Over the years I have reviewed quite a few keyboards for mobile devices. My all time favorite is still ThinkOutside’s Stowaway keyboard which I reviewed over 12 years ago. I would pay good money for an iPad compatible Bluetooth version of their original model right now. But since I don’t have that luxury, I keep looking for a keyboard that will let me type easier on my iPad without adding tons of bulk. I first saw the Touchfire Screen-Top Keyboard last November by way of its successful Kickstarter campaign. I thought it was a genius idea and apparently I wasn’t the only one because the project had over 3,000 backers and raised more than $200,000. After several months waiting for an opportunity to try one, they are now available and I’ve been lucky enough to get an early one to review.
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Most iPad owners probably fall into one of two camps. People who pair physical keyboards with their iOS tablet and those who don’t. It’s not uncommon to hear people say things like: “The iPad is not a laptop, so quit trying to turn it into one”. But in my opinion the iPad is anything that you want it to be, from a ukulele, to a video editor, to a journal. Pairing it with a keyboard is just another way to enhance its abilities.
Instead of featuring physical keys like the majority of keyboards on the market, the Touchfire keyboard is a light weight transparent silicone rubber skin / overlay that does not require a Bluetooth connection or battery power in order to use it.
Although the overlay is thin, you can see that it has molded three dimensional keys with 4 inverted dimples on each key. There’s nothing mechanical about the Touchfire. It’s basically a soft molded overlay that fool your fingers into feeling like they are typing on real keys because it gives the button presses some tactile feedback.
To use the Touchfire, you just lay it horizontally across the iPad’s display. Magnets along the bottom edge automatically position the overlay so that it lines up with the onscreen keyboard perfectly.
You can store the Touchfire in the included plastic case and remove it anytime you want to use it and then put it away when you’re done, or you can use the provided magnet clips so that it sticks conveniently to the Apple smart cover.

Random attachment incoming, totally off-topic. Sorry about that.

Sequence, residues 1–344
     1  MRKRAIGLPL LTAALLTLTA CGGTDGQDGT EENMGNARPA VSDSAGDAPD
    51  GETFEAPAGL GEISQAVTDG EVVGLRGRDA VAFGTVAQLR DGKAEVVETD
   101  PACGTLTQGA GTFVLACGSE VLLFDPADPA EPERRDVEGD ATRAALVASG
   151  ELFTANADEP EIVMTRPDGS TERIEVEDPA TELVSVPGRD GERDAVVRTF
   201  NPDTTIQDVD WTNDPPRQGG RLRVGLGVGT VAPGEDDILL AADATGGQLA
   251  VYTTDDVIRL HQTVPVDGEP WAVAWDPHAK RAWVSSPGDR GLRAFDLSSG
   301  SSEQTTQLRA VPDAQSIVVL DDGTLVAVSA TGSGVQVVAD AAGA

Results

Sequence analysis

Setting up the keyboard to attach to the smart cover takes about a minute. All you have to do is remove the sticker backing from the clips and position them on the magnetic side tabs as shown above. Then you shut the smart cover normally and press the edges over the magnet clips so that they stick to the underside of the cover.
Once installed, you can open the cover and the Touchfire will lift right along with it.
When you want to type, you can hold the tab at the bottom of the keyboard as you open the cover so that the keyboard will remain affixed to the iPad.
It can quickly fold out of the way when you want access to the full screen and the side magnets will hold it there.
The iPad has a decent on screen keyboard, but since it’s a completely flat display, it will never feel like a true keyboard to those of us are used to touch typing.
The Touchfire overlay lines up nicely with the onscreen keys. The F and J keys even have bumps to help your fingers find the home row.
I’ve been typing on and off with the Touchfire for a couple weeks and find that it really does trick your mind and fingers into making you think you’re typing on a physical keyboard. This is good, but it can also be bad for touch typists like myself who are used to the layout of a real keyboard. I never had a problem typing with the iPad’s onscreen keyboard as far as accuracy, because I always use a modified hunt and peck typing style. But as soon as I started using the Touchfire, I found that I was having more trouble than normal with typos. I realized that it’s the fact that my brain thinks I’m using a real keyboard and the layout of the keyboard doesn’t match a physical keyboard.
The home row is missing the :/; and “/’ keys that are typically located to the right of the L key. Instead, the Return key is there. So I was constantly pressing the Return key by accident when I meant to type an apostrophe for contractions like it’s, don’t, can’t, etc. The way around this problem is to train yourself to let the iPad’s predictive text feature add those characters for you. But that can be easier said than done sometimes and is obviously not the fault of Touchfire.
When it’s all said and done, I do think the Touchfire Screen-Top Keyboard is definitely a very unique and cool invention. It makes typing on a rigid flat screen feel more comfy. I like that it doesn’t require any power or connections and weighs in at only 1 ounce, so it adds almost no bulk to your iPad. But there are a few things I don’t like about the Touchfire, specifically that it attracts dust and lint, which make it look really nasty after barely using it. It is washable, but who wants to mess with that every day? Also, it’s meant to improve and/or enhance typing. That can mean different things for different people. But for me that means I want to be able to touch type with it just like I can on a normal keyboard. The layout of Apple’s on-screen keyboard prevents this due to the lack and placement of some keys. So if I can’t touch type normally, then I’ll resort to my old hunt and peck style, which means I really don’t need the Touchfire in the first place. If Touchfire could some how offer an alternative on screen keyboard that would have a traditional physical keyboard layout, I’d be all over it. I really wanted to love the Touchfire, but I’ll be placing this accessory into my cool but probably won’t use it pile o’stuff.
What do you guys think? Would you use Touchfire? If so, are you a touch typist?